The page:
Corey: We like to look at things on a larger scale, but we’ve definitely crossed the 3 million active-user threshold. Sometime in the late summer, we were at 2 million. So, over the last few months, we see that it’s definitely increasing steadily. And everything is moving in tandem, so uploads and downloads are all increasing and hitting record highs. New registrations per week. We’re definitely looking at some high organic growth on the Thingiverse site and it’s been steady. So, it’s something we’re positive about and happy to see.

Q: What role does Thingiverse Education play in expanding the platform?

Drew Lentz / MakerBot Learning Manager: There’s a huge presence of educators on Thingiverse. I think one of the most powerful things as a company that we can do is connect these experts who have been involved in 3D printing, building their own 3D printers since 2010 and before that; connecting them with educators who are new to 3D printing and are trying to use new technology for their students in their classroom. By cultivating that community and connecting the professionals with the educators, that’s how we see the growth and the self-sustaining mentality of Thingiverse progressing.

Thingiverse

Q: With such a massive amount of users, how do you prevent inappropriate or poor quality models from making it onto the platform?

Drew: Luckily, MakerBot is full of a bunch of 3D printing enthusiasts that love Thingiverse, so we have our own team here that’s perusing Thingiverse constantly. So, we have our own policing in-house. And then, luckily, with such an awesome community, we’re alerted to things almost immediately. If something comes up that is inappropriate, violates the terms of service, or is faulty, we get a notification almost immediately. And our whole team here can react to that. Take it down, flag it, moderate it.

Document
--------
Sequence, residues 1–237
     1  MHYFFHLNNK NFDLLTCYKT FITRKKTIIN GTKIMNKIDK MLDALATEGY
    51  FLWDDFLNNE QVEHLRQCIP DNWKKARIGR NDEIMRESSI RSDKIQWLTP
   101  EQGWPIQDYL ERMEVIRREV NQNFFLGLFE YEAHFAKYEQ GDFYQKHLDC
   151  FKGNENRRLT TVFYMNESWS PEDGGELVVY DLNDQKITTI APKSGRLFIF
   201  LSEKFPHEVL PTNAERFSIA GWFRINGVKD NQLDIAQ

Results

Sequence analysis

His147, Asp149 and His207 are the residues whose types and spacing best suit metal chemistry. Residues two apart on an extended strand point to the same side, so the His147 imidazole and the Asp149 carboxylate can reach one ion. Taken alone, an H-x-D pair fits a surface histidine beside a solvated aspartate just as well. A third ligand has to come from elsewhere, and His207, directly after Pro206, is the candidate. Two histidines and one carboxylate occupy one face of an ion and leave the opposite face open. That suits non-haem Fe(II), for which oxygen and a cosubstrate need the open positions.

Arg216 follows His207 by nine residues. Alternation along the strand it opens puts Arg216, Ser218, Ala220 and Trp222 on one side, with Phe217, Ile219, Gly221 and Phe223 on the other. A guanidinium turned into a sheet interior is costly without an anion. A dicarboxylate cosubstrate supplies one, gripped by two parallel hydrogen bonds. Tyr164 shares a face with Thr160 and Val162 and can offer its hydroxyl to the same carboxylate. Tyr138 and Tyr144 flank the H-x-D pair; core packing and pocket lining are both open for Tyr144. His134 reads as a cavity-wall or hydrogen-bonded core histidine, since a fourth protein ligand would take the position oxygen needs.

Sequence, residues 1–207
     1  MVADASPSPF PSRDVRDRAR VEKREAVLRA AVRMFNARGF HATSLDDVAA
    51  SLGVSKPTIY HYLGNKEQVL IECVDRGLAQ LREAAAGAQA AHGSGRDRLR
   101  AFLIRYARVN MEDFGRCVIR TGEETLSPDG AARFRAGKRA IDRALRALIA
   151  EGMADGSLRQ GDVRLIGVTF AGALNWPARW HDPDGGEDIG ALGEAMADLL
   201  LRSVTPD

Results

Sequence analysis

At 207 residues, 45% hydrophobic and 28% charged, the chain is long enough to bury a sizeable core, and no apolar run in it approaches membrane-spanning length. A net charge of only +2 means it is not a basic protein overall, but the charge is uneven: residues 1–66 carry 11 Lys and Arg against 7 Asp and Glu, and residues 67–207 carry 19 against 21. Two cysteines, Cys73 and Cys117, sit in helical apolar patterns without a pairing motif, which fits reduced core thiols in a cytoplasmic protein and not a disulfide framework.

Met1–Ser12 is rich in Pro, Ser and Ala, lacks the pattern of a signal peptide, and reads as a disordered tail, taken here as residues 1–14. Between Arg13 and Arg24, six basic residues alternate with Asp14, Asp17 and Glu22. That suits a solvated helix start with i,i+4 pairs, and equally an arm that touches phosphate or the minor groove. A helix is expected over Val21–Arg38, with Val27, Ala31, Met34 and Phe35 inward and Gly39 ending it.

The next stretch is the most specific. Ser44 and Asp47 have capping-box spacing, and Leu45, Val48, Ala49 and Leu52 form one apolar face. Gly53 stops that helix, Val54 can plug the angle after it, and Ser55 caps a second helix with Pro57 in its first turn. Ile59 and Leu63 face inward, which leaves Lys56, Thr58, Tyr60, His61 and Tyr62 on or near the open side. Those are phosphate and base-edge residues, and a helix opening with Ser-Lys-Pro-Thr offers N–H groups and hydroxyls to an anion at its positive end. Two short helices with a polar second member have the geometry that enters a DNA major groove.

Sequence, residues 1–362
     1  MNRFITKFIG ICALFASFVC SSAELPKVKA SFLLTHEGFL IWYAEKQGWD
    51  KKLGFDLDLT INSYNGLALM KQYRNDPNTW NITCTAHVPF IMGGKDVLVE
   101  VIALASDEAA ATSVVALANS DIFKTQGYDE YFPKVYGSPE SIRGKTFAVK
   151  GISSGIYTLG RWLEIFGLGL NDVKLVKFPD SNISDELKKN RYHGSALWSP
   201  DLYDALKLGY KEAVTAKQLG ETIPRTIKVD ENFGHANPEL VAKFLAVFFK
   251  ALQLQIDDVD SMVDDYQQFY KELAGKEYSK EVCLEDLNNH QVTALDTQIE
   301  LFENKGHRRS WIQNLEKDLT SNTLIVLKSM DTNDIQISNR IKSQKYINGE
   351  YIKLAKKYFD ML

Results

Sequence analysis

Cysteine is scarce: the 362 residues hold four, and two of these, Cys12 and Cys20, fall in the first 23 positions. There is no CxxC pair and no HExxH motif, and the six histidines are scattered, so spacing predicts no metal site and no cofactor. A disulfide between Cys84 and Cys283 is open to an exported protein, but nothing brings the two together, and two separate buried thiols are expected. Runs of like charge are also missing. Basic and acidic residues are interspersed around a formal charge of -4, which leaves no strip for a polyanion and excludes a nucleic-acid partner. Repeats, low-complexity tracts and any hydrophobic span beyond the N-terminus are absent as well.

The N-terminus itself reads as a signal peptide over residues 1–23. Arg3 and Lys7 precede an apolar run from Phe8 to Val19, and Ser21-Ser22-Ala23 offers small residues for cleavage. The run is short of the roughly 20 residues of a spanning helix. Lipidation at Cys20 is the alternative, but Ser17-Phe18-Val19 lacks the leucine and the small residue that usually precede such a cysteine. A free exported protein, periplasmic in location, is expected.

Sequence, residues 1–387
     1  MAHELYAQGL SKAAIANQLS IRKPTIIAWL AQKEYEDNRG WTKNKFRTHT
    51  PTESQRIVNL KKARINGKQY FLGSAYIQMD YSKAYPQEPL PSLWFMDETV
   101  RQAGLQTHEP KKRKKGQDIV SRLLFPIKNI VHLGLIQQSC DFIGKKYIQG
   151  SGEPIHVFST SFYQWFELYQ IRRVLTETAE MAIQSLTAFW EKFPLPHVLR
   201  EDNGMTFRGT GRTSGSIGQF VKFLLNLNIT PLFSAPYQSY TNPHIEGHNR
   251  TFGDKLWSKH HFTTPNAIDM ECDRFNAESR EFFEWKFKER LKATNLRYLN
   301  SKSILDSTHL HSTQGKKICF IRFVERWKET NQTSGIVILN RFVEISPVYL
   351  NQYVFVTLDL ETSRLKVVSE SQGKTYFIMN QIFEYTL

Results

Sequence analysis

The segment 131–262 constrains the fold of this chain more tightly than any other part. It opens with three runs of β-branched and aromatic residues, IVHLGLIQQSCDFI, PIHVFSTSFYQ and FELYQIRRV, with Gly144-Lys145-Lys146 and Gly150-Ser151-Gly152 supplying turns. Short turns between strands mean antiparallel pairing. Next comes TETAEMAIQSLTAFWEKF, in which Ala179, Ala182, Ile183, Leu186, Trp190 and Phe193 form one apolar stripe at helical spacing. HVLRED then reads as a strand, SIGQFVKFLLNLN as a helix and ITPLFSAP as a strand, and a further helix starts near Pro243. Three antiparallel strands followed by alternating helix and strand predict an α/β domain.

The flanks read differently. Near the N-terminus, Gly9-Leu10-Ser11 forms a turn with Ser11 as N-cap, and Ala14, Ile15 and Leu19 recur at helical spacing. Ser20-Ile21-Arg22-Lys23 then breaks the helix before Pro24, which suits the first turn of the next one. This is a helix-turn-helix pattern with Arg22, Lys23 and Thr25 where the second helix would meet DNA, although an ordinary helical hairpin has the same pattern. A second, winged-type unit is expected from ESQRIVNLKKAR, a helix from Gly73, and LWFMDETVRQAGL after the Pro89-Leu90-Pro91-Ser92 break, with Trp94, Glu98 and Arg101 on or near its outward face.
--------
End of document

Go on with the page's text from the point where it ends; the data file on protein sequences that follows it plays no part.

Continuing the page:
Q: How do you protect the Intellectual Property of your users?

Corey: Once you have a user base as large and storied as Thingiverse, the community polices itself in an amazing way. Most of the designs are creative commons, which means anybody can go and print them. From time to time, we get complaints of content that needs to be taken down.

But our legal department is very quick to comply with any content removal requests that designers send us. That being said, the community does a really good job in policing itself. So, when there is something shady going on in terms of users printing things, users taking designs from other websites, or if it’s the users that own the property, that are alerting us first to some shady business. They’re very protective of the website and the way things go.

Q: What does the future hold for Thingiverse?

JoshI think that we’re just hitting the beginning of the Thingiverse stride for a couple of reasons: One, Thingiverse education is a newer market in terms of where 3D printing can go. And because it hasn’t been touched in so many areas yet, there’s so many directions that it can go.

I think the other thing, too, is the fact that 3D printing in the consumer industry is still very new. We haven’t yet seen what can really happen. So, the fact that there is a place where users can put all the designs, and makes, and creative ideas, in one place that’s been established for so long already, it’s only going to serve it better as the industry grows.

Thingiverse posts every kind of 3D printer, every kind of platform. Anything users and makers use to design their models, we host, and we push for. So, I feel that the up slide for Thingiverse is unlimited; especially as the industry itself continues to grow.

License: The text of "Thingiverse: An Inside Look At The Leading 3D Printing Marketplace" by All3DP is licensed under a Creative Commons Attribution 4.0 International License.